NEW COLLECTED POEMS

Robert Graves turned 81-years-old this year. Now, in the heart of a prolonged critical reaction against his psychoanalytical investigations, his literary commentary and mythmaking, his Collected Poems are being published in America for the first time. The present volume contains all the poetry Graves has authorized for publication in his nearly 60 years of writing. The early Georgian poems are here, humorous, charming, unpretentious; and the amatory nursery rhymes and country sketches, written, Graves has said, to subdue memories of the First World War. Then follow anti-Romantic poems and the ironic, purified, and polished jewels of the years Graves spent with Laura Riding; the more familiar elaborations on the myth of the White Goddess; and a recent, somewhat contradictory preoccupation with the goddess of wisdom. But most of ali, here is a poet who searched valiantly for a breadth of imagery and form to contain his central theme of love; it's only regrettable that a more handsome volume is not in the offing. But this does supply a fine; brief biographical introduction by lames McKinley.

Pub Date: Nov. 5, 1976

ISBN: 0385115075

Page Count: 496

Publisher: Doubleday

Review Posted Online: May 17, 2012

Kirkus Reviews Issue: Nov. 1, 1976

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Stricter than, say, Bergen Evans or W3 ("disinterested" means impartial — period), Strunk is in the last analysis...

THE ELEMENTS OF STYLE

50TH ANNIVERSARY EDITION

Privately published by Strunk of Cornell in 1918 and revised by his student E. B. White in 1959, that "little book" is back again with more White updatings.

Stricter than, say, Bergen Evans or W3 ("disinterested" means impartial — period), Strunk is in the last analysis (whoops — "A bankrupt expression") a unique guide (which means "without like or equal").

Pub Date: May 15, 1972

ISBN: 0205632645

Page Count: 105

Publisher: Macmillan

Review Posted Online: Oct. 28, 2011

Kirkus Reviews Issue: May 1, 1972

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Analyzing his craft, a careful craftsman urges with Thoreauvian conviction that writers should simplify, simplify, simplify.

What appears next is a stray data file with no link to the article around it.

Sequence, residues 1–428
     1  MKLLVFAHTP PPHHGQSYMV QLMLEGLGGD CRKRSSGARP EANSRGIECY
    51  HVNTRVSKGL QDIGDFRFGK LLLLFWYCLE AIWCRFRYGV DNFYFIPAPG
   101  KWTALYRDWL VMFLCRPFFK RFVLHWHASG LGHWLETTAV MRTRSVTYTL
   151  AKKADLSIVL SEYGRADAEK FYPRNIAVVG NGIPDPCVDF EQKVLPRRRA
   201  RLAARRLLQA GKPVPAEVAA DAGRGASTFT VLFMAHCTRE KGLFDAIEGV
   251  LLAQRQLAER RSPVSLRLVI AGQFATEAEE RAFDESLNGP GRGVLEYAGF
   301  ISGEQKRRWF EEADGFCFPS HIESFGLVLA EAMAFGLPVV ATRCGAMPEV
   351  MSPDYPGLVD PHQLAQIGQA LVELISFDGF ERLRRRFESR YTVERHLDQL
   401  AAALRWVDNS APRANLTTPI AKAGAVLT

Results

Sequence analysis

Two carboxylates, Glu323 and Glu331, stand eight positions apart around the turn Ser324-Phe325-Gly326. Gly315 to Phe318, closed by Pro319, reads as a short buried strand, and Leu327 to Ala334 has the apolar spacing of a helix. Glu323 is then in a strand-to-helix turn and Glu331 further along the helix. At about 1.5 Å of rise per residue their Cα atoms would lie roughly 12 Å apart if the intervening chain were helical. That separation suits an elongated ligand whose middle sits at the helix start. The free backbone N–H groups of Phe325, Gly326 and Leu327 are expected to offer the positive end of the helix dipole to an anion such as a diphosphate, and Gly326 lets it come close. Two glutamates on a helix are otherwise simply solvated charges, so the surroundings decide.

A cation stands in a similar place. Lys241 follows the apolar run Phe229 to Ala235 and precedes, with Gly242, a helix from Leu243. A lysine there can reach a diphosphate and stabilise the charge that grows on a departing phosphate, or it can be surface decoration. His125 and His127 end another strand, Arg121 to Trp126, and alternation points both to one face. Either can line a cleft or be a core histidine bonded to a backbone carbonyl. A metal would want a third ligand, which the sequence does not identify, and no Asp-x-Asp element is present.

SEVERAL SHORT SENTENCES ABOUT WRITING

New York Times columnist and editorial board member delivers a slim book for aspiring writers, offering saws and sense, wisdom and waggery, biases and biting sarcasm.

Klinkenborg (Timothy; or, Notes of an Abject Reptile, 2006), who’s taught for decades, endeavors to keep things simple in his prose, and he urges other writers to do the same. (Note: He despises abuses of the word as, as he continually reminds readers.) In the early sections, the author ignores traditional paragraphing so that the text resembles a long free-verse poem. He urges readers to use short, clear sentences and to make sure each one is healthy before moving on; notes that it’s acceptable to start sentences with and and but; sees benefits in diagramming sentences; stresses that all writing is revision; periodically blasts the formulaic writing that many (most?) students learn in school; argues that knowing where you’re headed before you begin might be good for a vacation, but not for a piece of writing; and believes that writers must trust readers more, and trust themselves. Most of Klinkenborg’s advice is neither radical nor especially profound (“Turn to the poets. / Learn from them”), and the text suffers from a corrosive fallacy: that if his strategies work for him they will work for all. The final fifth of the text includes some passages from writers he admires (McPhee, Oates, Cheever) and some of his students’ awkward sentences, which he treats analytically but sometimes with a surprising sarcasm that veers near meanness. He includes examples of students’ dangling modifiers, malapropisms, errors of pronoun agreement, wordiness and other mistakes.

Analyzing his craft, a careful craftsman urges with Thoreauvian conviction that writers should simplify, simplify, simplify.

Pub Date: Aug. 7, 2012

ISBN: 978-0-307-26634-7

Page Count: 224

Publisher: Knopf

Review Posted Online: May 14, 2012

Kirkus Reviews Issue: June 15, 2012

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